The MC of NASR, Dancer – sometimes called Dan or Danny – is a klutz, in spite of being a dancer. She’s terrified of people and stammers or doesn’t speak at all when she interacts with strangers. On a Friday night, she’d rather sit in the bottom of her closet and draw or photo edit than go to a party. She’s known the MMC, Braxton, since they were in kindergarten but she hasn’t spoken to him since she was nine and in a wheel chair; she said “thank you” when he helped her get a drink of water. So here is the (rough, rough, did I mention rough?) scene when Braxton asks her out. If any of you remember who Reece is from the last excerpt, you get cyber points! LOL
Reece glared at me. “I’ve had enough of your moping around, Lisandra. And I’d appreciate it if I could take you to a party without you having to breathe into a paper bag.”
I was stung. “Thanks a lot.”
“Forget about it.” I gathered my stuff. “I’m not anti-social. I just don’t like people. There’s a big difference. See you after class.”
“Danny, I said I was sorry!”
I started across the lawn, hunching my shoulders against the breeze. Reece and I went through this occasionally, but this was the first time I’d stomped off.
“Real mature, Dancer,” I said under my breath. I even whispered when I was talking to myself. Great. Now I felt doubly amazing. Nice self-confirmation there.
A growl of frustration rose in my throat. I slammed open the school doors.
I yelped. Books and papers flew everywhere and a pencil hit me in the head. My foot landed on the slick cover of a math book and I stumbled straight into the arms of one stunned Braxton Diablo.
“Sorry!” I recoiled backwards, promptly slipped, and landed hard on my bottom.
Braxton rubbed his forehead. (Was there was a red mark there, or was I just being paranoid?) “No problem. My fault.” He put out his hand to help me up.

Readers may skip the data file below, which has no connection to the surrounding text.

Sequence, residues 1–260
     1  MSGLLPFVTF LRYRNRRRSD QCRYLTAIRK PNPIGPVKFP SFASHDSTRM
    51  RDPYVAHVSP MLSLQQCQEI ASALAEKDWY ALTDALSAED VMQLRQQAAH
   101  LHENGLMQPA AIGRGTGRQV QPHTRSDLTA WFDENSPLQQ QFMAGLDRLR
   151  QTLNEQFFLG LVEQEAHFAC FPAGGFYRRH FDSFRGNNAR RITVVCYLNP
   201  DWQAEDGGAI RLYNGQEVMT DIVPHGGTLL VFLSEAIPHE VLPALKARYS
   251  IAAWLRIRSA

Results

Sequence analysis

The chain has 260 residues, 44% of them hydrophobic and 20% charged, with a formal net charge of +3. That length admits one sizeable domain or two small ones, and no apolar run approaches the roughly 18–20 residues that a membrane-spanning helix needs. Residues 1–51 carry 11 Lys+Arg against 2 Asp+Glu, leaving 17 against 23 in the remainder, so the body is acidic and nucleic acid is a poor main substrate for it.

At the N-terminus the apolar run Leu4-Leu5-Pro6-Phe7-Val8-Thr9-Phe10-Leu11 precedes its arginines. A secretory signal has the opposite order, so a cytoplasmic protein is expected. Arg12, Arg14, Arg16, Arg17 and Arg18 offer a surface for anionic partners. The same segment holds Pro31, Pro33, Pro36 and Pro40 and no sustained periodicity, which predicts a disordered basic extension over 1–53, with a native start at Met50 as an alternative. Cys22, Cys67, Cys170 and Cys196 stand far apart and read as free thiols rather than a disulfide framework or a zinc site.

I reluctantly put my hand in his and he pulled me to my feet. The top of my head barely reached his collar bone. I suddenly felt even shorter than I usually felt.
“I’m sorry,” I stammered. “Wasn’t watching…” I lost my train of thought. Either that, or couldn’t get the words out. Either one, it didn’t matter. The result was that I stood there like an idiot, biting my bottom lip.
“Really. My fault.” Braxton knelt down to pick up his things. I immediately got down to help, and my forehead smacked into the back of his head.
We both put our hands to our heads. I accidentally smacked him in the chin.
“Sorry!” I almost shrieked.
Braxton winced. “Sorry.” He rubbed his chin. “My big head. Here.” He picked up my fallen book bag and handed it to me. “You’d better go before I brain you any further.”
My face was redder than the Bloody Carnage font on my computer. “Sorry,” I whispered.
“It’s fine. Dancer, right?”
I nodded. I didn’d trust myself to open my mouth without spewing apologies again.
Braxton gathered his fallen belongings. I stood right where I was so I wouldn’t create any further disasters. He got the books and papers into a stack, stuffed them into his backpack, and stood up.
“You’re sure you’re okay?”
I nodded again, almost biting my tongue by accident. My pigtails swung crazily, batting me in the face. I brushed them back, nearly taking out my own eye with my polka dotted fingernails.
We stood there for a minute.
“Well,” Braxton said finally. I stared at my shoes. “So, what class do you have next?”
The bell rang. I was saved from the mortification of having to get out the long word “English” while trying not to stutter myself into oblivion. I started walking away as fast as I could.
I stopped and turned back around.
“What are you doing on Friday?” Braxton asked.
I almost had a heart attack. My voice abandoned me. “Uh… um…”
“Cause if you aren’t doing anything, maybe we could hang out? At seven-ish, after soccer?” He started walking as the doors opened and the students started in. “I’ll pick you up.”
“Okay,” I said faintly. But he’d already disappeared into the crowd and I was talking to myself.